@7 According to the FBI in the US in 2011 8,583 people were murdered w/ guns. Of those 6,220 were killed with handguns, 323 with rifles, 356 with shotguns, and in 1,684 cases the type of firearm used could not be determined. Given that handguns were used in the vast majority of gun murders and in nearly 50% of all murders, I'd say that efforts to reduce gun violence ought to focus on restricting access to handguns.
Posted by Ken Mehlman on December 17, 2012 at 10:26 AM · Report this
Ph'nglui mglw'nafh Cthulhu R'lyeh wgah'nagl fhtagn 10
The same disingenuous conservatives who said we couldn't have health care reform are the ones who say we can't have gun control. They also claim they won the debate on taxes. And drugs. And marriage.

In fact, it's getting rather predictably tiresome. Their go-to tactic is to tell us the discussion is over and they won. Now, go to your room!

So yeah. Obamacare was hard and it needs even more work to sustain it and expand it to fill in the gaps. But we did it. We're winning on gay marriage too. The list goes on.

Gun control is just as difficult, but just as possible.
Posted by Ph'nglui mglw'nafh Cthulhu R'lyeh wgah'nagl fhtagn on December 17, 2012 at 11:00 AM · Report this
Supreme Ruler Of The Universe 11

"Young adults (18-24 years -old) have historically had the highest offending rates and their rates nearly doubled from 1985 to 1993. Since 1993 offending rates for 18-24 year-olds have declined but remain slightly higher than levels prior to the mid 1980's."…
Posted by Supreme Ruler Of The Universe http:// on December 17, 2012 at 11:05 AM · Report this
Will in Seattle 12
Guns are not the problem.

Ready access to semi-automatic and automatic military style weaponry and ammunition and large capacity magazines that crazy people can easily get due to the Gun Nut Worshipping fanatics are the problem.

The deer will be just as dead with a bolt-action single shot 30.06 fwiw.
Posted by Will in Seattle on December 17, 2012 at 11:25 AM · Report this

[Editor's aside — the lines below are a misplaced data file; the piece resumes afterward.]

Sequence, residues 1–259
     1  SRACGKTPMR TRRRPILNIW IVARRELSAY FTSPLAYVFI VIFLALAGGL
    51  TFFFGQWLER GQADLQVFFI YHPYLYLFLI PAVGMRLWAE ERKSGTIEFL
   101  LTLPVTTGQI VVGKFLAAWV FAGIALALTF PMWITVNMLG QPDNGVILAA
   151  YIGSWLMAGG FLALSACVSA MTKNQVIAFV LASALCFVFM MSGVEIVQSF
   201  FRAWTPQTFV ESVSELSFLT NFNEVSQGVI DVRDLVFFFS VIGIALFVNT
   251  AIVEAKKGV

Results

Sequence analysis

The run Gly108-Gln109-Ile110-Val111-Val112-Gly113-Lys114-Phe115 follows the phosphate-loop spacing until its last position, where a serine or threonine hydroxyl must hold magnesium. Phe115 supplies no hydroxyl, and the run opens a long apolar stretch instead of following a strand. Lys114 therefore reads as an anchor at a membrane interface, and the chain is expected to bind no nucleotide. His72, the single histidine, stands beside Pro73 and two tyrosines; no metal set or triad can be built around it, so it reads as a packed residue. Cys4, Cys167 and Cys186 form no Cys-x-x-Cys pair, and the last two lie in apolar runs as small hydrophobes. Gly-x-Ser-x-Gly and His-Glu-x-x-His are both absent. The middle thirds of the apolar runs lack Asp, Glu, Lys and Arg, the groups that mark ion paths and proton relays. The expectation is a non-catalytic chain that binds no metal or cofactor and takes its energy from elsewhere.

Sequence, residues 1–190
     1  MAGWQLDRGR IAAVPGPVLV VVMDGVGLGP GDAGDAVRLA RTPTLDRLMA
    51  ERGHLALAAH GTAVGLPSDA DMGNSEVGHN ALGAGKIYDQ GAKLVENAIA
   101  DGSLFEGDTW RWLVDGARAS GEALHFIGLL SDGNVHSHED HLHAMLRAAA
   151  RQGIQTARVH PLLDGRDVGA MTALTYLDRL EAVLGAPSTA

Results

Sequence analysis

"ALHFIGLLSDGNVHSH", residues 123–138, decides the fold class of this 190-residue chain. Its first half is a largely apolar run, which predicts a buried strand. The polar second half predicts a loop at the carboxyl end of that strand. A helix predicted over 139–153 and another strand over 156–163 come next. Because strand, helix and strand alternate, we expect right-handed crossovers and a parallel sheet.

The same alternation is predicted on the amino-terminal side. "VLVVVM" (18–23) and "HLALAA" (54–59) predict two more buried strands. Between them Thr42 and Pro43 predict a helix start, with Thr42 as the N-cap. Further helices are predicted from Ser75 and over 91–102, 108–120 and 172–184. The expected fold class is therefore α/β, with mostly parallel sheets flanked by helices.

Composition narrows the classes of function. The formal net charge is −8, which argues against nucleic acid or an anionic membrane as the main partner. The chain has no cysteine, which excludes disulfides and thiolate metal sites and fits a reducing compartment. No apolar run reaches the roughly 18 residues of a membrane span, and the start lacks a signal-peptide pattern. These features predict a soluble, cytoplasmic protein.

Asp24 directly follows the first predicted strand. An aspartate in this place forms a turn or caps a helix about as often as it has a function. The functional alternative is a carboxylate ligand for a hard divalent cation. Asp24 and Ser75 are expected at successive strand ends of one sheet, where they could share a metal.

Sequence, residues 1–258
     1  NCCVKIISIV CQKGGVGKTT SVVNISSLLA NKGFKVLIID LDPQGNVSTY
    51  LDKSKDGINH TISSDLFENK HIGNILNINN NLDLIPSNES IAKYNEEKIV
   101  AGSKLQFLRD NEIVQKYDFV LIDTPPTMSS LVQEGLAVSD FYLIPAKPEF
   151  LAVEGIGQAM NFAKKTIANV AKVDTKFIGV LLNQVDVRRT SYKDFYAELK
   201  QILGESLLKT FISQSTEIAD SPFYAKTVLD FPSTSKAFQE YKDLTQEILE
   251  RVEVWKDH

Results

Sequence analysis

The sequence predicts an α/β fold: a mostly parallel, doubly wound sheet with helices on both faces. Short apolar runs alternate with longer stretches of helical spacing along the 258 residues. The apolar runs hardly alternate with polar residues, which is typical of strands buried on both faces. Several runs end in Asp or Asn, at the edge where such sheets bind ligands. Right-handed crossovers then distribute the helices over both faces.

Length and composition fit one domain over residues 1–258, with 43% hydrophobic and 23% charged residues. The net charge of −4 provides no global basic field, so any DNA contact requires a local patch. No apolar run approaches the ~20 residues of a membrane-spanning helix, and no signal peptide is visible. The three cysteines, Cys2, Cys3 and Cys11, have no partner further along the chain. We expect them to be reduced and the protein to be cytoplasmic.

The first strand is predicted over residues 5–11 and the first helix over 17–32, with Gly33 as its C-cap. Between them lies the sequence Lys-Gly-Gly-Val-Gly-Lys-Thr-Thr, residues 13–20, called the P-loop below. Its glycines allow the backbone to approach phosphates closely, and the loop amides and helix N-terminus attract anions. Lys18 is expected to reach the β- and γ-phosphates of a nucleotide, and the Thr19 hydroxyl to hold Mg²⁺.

I'm inviting people into my house every other week for the next god knows how long to organize, learn and advocate. I'm ashamed of myself for not doing this earlier, but I've got a nice big living room and had a nice group of people show up yesterday. We'll be going to Olympia this session and who knows? Maybe we'll even do a Tour De Gun Show. And it's imperative to bring a lot of voices into the conversation. A gun owner and I may not agree on legal restrictions but so far all the pro-gun folks I've talked with seem to be pretty damn interested in better mental health care. I'll take it.

Posted by jt on December 17, 2012 at 11:27 AM · Report this
Fnarf 14
You are high if you think anything's going to happen.

State Sen. Jeanne Kohl-Welles (mine for another couple of weeks) wrote back to me and said she's going to try to introduce sensible gun control legislation again, as she has done so often before. Guess what's going to happen to that legislation. Come on, @9, guess.
Posted by Fnarf on December 17, 2012 at 12:49 PM · Report this
Steven Bradford 15
Thanks Dominic, it is helpful to remember this. It seems impossible (see posts above) but you're right so many things seemed impossible politically 15 years ago.
Posted by Steven Bradford on December 17, 2012 at 1:32 PM · Report this
Fnarf, what do I win if we defeat any NRA-sponsored legislation this session? Dinner at Bizzarro on you?
Posted by jt on December 17, 2012 at 2:06 PM · Report this
Fnarf 17
@16, dinner on me if you pass anything positive. Defeating the NRA isn't the point; they stake out increasingly broad positions as a method of maintaining what they have. I expect any NRA legislation this session to fail as well, but they don't really care. And they might get lucky, like they did in Wisconsin (the governor in WI is going to sign, too, so soon you will be able to carry a concealed weapon in a hospital or school there).
Posted by Fnarf on December 17, 2012 at 3:25 PM · Report this